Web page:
College students’ beliefs around the likelihood and desirability of alcohol’s effects vary over time, and predict drinking level and consequences, according to a study in Alcoholism: Clinical and Experimental Research. The decision to drink is influenced by a person’s alcohol expectancies—their beliefs about the likelihood of experiencing positive and negative effects when drinking. Expecting positive or favorable effects (“positive expectancies”) has been associated with greater drinking and negative consequences. Another influence on drinking is expectancy valuation—a person’s beliefs about how good or bad certain outcomes of alcohol use would be. Similar to expectancies, more positive valuations are linked to greater alcohol use. Previous studies examined alcohol expectancies and valuations at a single timepoint or over a short time period only—potentially missing important shifts in beliefs and drinking outcomes that may occur over a longer timeframe. Further, few studies have examined the role of negative expectancies and valuations, or potential differences among men and women. To address these gaps, researchers at the University of Washington, Seattle sought to evaluate the dynamic relationship of alcohol expectancies, valuations and outcomes over one year among male and female college student drinkers.
The researchers used data from 433 college students (average age 20) from two west coast universities who reported at least one heavy drinking episode within the past month. The students completed surveys at baseline and after 3, 6 and 12 months to report on their recent alcohol use (assessed as “weekly drinking”, i.e. average number of drinks per week), alcohol beliefs, and negative drinking consequences. For expectancies and valuations, students rated the likelihood and desirability of 38 potential drinking outcomes. Positive expectancies and valuations included sociability (e.g. “I would be outgoing”), tension reduction (“I would feel relaxed”), liquid courage (“I would feel courageous”) and sexuality (“I would feel sexy”); negative expectancies and valuations included cognitive and behavioral impairment (e.g. “I would be clumsy”), risk and aggression (e.g. “I would act aggressively”), and self-perception (e.g. “I would feel moody”). For negative consequences of drinking, students reported how often they had experienced each of 23 outcomes (such as “neglected your responsibilities”, “had a fight/argument/bad feelings with a friend”) within the past three months.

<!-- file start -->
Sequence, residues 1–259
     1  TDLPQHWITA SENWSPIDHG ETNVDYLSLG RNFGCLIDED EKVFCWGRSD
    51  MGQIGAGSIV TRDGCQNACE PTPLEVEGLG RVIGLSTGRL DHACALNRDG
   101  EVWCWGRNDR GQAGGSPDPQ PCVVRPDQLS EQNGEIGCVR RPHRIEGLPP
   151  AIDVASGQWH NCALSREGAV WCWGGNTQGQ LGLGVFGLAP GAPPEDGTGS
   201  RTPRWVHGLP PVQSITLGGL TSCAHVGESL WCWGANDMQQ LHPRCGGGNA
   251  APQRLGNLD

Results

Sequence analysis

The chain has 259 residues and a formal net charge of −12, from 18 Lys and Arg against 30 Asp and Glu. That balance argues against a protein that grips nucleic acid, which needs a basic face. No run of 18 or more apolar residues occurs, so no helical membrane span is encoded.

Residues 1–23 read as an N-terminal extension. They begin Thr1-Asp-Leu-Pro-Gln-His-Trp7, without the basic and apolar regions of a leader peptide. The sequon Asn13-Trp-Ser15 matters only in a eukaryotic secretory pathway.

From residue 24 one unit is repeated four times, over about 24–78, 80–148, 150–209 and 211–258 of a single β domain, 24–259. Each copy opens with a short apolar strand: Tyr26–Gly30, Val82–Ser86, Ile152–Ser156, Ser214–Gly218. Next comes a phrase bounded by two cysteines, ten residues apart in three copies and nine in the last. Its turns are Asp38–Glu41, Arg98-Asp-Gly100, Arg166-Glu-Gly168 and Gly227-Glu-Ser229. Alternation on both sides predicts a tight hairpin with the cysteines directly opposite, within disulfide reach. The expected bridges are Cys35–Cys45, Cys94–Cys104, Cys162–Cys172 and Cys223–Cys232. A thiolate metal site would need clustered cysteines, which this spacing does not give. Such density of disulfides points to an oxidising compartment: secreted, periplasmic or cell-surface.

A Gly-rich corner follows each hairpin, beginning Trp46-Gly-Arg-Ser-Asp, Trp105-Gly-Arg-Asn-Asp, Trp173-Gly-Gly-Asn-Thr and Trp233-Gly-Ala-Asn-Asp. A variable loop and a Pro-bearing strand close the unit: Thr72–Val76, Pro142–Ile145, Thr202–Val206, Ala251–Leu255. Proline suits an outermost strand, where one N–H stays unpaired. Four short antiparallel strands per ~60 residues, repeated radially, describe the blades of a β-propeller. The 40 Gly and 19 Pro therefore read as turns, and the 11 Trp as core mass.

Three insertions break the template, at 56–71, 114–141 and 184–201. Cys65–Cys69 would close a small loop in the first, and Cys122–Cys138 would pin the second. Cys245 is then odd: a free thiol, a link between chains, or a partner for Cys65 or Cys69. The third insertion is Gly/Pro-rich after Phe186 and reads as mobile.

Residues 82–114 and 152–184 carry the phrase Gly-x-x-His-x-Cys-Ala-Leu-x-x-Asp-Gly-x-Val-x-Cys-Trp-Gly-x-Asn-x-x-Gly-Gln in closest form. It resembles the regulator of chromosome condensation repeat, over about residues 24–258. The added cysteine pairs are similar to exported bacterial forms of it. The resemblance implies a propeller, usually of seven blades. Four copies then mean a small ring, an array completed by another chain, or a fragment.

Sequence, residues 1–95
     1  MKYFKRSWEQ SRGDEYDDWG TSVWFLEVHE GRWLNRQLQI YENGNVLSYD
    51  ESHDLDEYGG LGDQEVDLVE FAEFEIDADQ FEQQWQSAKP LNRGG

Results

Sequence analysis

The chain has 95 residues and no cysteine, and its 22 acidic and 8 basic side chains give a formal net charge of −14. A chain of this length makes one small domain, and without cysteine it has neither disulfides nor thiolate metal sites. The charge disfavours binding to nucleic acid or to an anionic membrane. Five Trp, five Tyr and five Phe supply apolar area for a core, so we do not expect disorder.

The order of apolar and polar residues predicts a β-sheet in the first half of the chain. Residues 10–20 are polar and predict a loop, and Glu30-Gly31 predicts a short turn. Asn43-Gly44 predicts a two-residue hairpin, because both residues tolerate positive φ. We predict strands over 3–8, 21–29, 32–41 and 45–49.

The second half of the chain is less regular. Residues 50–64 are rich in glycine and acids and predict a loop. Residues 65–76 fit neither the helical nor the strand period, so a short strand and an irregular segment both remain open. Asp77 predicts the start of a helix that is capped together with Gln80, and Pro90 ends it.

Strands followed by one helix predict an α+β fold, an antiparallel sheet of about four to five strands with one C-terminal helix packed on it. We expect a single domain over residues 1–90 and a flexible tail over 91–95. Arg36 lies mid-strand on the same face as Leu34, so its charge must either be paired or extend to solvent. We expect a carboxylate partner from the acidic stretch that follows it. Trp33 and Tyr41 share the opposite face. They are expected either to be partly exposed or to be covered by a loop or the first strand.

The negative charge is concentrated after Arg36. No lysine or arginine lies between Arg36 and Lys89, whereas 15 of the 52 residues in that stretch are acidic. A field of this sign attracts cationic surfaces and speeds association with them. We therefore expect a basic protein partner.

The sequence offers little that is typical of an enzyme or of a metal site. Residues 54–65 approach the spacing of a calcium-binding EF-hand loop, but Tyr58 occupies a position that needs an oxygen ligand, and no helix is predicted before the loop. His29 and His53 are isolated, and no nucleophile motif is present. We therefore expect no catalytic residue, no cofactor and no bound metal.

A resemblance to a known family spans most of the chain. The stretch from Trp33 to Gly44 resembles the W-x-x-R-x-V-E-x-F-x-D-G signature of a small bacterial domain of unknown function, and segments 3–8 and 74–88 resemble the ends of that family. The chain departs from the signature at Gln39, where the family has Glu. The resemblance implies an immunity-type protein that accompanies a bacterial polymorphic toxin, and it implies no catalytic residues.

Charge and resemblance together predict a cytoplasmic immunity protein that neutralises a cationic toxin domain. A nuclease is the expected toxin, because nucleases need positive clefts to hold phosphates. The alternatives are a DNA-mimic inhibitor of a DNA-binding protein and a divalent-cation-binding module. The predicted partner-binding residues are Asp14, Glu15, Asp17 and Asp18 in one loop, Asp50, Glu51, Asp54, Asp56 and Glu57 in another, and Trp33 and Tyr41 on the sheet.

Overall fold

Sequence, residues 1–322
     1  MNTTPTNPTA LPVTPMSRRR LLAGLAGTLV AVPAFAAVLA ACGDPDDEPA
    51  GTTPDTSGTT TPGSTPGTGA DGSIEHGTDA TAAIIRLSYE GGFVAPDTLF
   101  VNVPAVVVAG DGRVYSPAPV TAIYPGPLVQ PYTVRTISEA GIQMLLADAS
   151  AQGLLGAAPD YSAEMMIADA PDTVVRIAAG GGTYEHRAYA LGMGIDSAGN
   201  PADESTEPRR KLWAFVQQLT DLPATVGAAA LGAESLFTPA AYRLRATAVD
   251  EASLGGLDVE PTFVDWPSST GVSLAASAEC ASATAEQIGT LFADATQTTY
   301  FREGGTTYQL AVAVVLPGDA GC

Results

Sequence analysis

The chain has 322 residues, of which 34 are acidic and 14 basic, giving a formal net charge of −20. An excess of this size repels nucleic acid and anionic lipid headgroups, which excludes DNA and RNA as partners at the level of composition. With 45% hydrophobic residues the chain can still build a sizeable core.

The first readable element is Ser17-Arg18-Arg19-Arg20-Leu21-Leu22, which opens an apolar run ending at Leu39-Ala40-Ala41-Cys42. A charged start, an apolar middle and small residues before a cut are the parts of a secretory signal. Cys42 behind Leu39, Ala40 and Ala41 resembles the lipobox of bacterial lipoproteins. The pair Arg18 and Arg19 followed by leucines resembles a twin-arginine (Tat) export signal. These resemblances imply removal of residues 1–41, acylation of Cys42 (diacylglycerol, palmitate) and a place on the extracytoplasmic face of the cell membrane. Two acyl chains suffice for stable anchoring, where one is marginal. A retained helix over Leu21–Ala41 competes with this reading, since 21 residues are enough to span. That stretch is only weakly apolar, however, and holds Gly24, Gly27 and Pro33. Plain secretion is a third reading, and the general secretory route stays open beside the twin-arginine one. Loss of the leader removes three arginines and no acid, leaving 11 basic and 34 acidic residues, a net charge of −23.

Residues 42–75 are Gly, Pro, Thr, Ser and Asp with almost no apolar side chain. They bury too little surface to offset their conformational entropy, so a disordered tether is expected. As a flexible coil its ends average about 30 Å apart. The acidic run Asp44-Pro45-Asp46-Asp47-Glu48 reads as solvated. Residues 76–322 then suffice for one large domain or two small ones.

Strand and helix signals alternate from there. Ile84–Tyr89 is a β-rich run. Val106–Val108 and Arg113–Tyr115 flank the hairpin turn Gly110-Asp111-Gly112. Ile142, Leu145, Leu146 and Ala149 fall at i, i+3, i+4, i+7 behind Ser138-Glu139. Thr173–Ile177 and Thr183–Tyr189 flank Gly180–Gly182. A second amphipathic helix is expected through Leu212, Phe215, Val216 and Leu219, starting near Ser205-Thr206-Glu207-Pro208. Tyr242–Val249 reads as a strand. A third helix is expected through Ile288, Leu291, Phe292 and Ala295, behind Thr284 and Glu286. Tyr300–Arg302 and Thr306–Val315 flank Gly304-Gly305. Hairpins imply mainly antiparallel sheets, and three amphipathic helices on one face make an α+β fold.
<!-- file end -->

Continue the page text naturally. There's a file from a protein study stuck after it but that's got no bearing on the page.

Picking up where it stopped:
The students varied substantially over time in their alcohol expectancies and valuations, with women showing more variability than men. Both positive and negative expectancies and valuations were important correlates of alcohol use and consequences. Weekly drinking was higher at timepoints where participants held relatively greater expectancies for sociability, sexuality, and risk/aggression, but lower when participants expected greater effects on self-perception. Students experienced more negative consequences at timepoints where they held relatively greater expectancies for sexuality and self-perception. Weekly drinking was higher when students reported more favorable valuation of risk/aggression, and negative consequences were greater when they reported more favorable valuation of self-perception. No expectancies or valuations were associated with fewer consequences of drinking, and several associations differed among men and women.
Understanding the risk factors for alcohol use in young adults is important for reducing risky drinking and its consequences. The current findings have important clinical implications and could inform interventions designed to challenge young people’s beliefs around alcohol. Many interventions to date have focused on reducing positive expectancies, but the current findings suggest that negative expectancies, as well as alcohol valuations, could also be malleable targets for intervention. Intervention approaches should also be tailored to men and women.